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It’s almost Easter and that can only mean one thing – not chocolate – the seasonal rangers are back on patrol in the Cairngorms National Park, ready to welcome visitors despite a snowy start to the 2022 season!
Rangers in the UK’s largest National Park are here to help everyone enjoy their holiday, while safeguarding the area’s special wildlife, landscapes and communities. The team are a regular sight across the Cairngorms National Park but more so in busier areas such as Glenmore, Loch Muick and Lin o’ Dee.
The CNPA has recruited ten seasonal rangers for 2022 with the return of two of last year’s Kickstart rangers. Danny O’Brien and Scott Hastings were part of the UK Government’s Kickstart programme in 2021, with funding available for employers to create job placements and training opportunities for young adults aged 18-24.
Speaking about his return, Scott said: “Being part of the Kickstart programme last summer has been life changing for me. I’ve gone from working as a kitchen porter to working in the outdoors, doing what I love. Being one of the trainee rangers really helped me find my vocation and gave me lots of useful experience, resulting in me being recruited as a seasonal Cairngorms National Park ranger for 2022.”
Joining them are three completely new faces for 2022, Fiona Brewis and Andy Kirk will be on patrol in Deeside, working alongside Vicky Inglis and a third new seasonal ranger, Douglas Carchie, joins Danny and Scott in Badenoch and Strathspey, along with Blair Johnston, Gillian Gibson and Craig Fraser. In the Angus Glens is Tony Sievwright.
Working from Easter to October, looking after this special area and giving advice to visitors, is part and parcel of the seasonal rangers role. Gillian Gibson says the thing she probably does the most in her job is speak with campers.
“Camping is a great way to experience all that the Park has to offer so I try to help campers make the most of their time here by explaining how they can help care for the environment with advice on how to stay safe. I also explain why having a campfire is not necessarily a good idea in a National Park and that camping stoves are much better for cooking.”
Fellow seasonal ranger, Blair Johnston – originally from Argyll – commented: “I feel really at home in the Cairngorms and I hope that my passion for the area rubs off on the visitors I speak to and I am able to help them enjoy the Park to the full. We meet so many people doing this job, all of them keen to do the right thing but they maybe don’t know quite how. Probably the advice I give out the most is around fires – and not having them – and asking people to keep dogs on leads or close to heel in sensitive areas at certain times of the year to protect wildlife.”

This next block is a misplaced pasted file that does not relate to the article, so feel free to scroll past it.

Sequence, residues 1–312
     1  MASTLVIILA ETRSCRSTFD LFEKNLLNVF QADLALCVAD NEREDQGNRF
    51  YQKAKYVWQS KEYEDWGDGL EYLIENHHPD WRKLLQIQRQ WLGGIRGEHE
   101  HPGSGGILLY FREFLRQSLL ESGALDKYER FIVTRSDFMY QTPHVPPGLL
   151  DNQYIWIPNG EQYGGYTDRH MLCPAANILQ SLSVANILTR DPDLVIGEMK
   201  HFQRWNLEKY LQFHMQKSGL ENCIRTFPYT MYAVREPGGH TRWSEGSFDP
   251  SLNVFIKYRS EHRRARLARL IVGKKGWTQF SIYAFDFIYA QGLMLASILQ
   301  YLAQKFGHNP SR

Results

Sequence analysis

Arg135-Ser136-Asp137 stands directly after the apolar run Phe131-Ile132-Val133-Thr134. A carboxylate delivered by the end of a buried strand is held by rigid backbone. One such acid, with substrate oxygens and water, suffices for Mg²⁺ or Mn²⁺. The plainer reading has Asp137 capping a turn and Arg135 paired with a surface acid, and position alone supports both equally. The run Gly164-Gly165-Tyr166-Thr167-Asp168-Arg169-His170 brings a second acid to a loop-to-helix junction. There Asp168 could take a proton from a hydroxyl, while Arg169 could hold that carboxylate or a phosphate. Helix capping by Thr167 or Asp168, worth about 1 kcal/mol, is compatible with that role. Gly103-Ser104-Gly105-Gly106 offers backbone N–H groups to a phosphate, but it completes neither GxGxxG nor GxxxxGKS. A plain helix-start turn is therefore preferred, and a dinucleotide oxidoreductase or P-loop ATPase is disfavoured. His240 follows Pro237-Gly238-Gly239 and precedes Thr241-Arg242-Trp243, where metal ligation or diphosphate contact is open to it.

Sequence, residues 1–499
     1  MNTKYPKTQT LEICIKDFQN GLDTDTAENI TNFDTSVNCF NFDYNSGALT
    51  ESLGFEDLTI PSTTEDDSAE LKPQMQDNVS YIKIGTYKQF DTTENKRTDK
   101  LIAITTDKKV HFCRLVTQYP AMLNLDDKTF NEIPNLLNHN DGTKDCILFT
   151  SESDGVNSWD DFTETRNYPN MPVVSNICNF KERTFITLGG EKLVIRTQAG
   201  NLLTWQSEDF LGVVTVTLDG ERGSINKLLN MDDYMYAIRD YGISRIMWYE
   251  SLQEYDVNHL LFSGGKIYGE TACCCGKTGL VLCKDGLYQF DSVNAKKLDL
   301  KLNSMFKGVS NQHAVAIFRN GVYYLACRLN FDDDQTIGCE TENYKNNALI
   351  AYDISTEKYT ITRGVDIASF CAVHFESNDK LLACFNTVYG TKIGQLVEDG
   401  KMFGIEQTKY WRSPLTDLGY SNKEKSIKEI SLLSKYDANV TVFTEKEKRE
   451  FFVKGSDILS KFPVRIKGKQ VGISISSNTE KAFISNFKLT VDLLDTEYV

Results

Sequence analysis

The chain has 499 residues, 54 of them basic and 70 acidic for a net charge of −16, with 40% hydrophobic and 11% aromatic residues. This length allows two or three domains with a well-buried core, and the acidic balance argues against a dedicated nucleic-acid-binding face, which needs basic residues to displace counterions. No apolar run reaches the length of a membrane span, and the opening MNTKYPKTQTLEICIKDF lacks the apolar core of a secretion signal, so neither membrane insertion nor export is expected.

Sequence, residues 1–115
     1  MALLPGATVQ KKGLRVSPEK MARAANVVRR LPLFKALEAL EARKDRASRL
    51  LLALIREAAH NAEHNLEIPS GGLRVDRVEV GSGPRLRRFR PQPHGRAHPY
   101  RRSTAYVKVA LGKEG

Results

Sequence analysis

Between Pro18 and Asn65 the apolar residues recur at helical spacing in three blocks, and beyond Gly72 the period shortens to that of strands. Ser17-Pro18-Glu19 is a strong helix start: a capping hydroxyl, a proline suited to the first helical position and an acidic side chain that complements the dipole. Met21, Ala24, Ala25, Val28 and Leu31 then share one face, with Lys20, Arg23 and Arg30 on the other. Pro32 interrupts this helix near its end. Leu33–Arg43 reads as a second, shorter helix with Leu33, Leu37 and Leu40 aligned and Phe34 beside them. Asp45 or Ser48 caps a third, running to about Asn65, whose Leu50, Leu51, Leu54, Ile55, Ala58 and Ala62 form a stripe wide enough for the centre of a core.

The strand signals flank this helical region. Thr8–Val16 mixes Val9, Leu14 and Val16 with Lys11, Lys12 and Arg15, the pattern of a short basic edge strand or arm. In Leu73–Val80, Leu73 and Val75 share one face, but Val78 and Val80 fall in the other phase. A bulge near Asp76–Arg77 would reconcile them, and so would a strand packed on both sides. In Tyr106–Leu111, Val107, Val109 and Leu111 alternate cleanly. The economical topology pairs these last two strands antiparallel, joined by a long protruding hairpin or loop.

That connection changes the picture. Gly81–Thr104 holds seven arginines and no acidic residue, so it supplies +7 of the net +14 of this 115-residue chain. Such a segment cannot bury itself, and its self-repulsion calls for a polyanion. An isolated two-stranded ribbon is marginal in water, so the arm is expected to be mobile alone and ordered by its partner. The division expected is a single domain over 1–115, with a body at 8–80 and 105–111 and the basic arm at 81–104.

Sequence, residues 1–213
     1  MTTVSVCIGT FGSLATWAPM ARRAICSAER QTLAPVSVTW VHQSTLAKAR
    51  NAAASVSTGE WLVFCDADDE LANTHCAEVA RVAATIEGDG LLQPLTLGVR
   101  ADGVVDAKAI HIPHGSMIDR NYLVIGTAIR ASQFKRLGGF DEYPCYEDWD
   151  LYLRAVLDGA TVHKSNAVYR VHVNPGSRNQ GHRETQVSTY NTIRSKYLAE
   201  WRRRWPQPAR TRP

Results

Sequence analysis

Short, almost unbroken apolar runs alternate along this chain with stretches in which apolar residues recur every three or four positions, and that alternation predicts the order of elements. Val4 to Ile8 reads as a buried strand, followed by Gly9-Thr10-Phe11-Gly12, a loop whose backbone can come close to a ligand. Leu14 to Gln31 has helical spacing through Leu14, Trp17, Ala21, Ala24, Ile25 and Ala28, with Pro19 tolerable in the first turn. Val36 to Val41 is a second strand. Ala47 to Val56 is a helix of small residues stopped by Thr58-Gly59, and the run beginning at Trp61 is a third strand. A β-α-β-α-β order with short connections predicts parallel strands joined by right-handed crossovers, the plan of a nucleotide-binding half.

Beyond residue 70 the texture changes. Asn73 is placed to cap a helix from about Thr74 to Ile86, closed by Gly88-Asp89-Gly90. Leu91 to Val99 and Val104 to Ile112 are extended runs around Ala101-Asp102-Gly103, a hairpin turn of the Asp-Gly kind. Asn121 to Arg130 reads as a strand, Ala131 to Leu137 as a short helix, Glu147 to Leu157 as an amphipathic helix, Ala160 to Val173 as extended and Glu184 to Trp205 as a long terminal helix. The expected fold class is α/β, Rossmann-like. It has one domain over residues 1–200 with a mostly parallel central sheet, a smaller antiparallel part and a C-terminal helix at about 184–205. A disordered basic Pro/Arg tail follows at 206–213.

The CNPA also employs three full-time rangers and grant aids several other ranger services in the employment of partner agencies and other landowners. This mixed model is proving valuable as well as economical.
CNPA Ranger Manager Lucy Ford explained: “There were several ranger services operating in the Park when it was established in 2003 so rather than create our own, the decision was taken to grant aid those existing services. Nearly twenty years later and with 40 per cent more visitors coming here, we really need those extra boots on the ground. What we have across the Cairngorms National Park now, is an experienced and highly flexible arrangement where the CNPA can deploy its own rangers where they are needed the most, supporting those partner services.
“We have an excellent and very experienced team of Seasonal Rangers here – some of them were with us last summer so they know the area and the issues well. Their key roles and responsibilities are to offer a warm welcome to visitors to the Cairngorms National Park, ensuring people have the necessary information to have an enjoyable and safe time. This helps to provide some reassurance to land managers and communities that the CNPA is extremely committed to ensuring that everyone stays safe.”
A seasonal ranger service was established for the first time in 2020 in response to the high numbers of visitors coming to the Park after the first Covid-19 lockdown was lifted. Infrastructure improvements such as extensions to carparks and path improvements made last year, particularly at ‘hotspot’ areas like Glenmore in Strathspey and Loch Muick in Deeside, is also helping manage visitor pressures.
For more information on enjoying the Park responsibly please go here.
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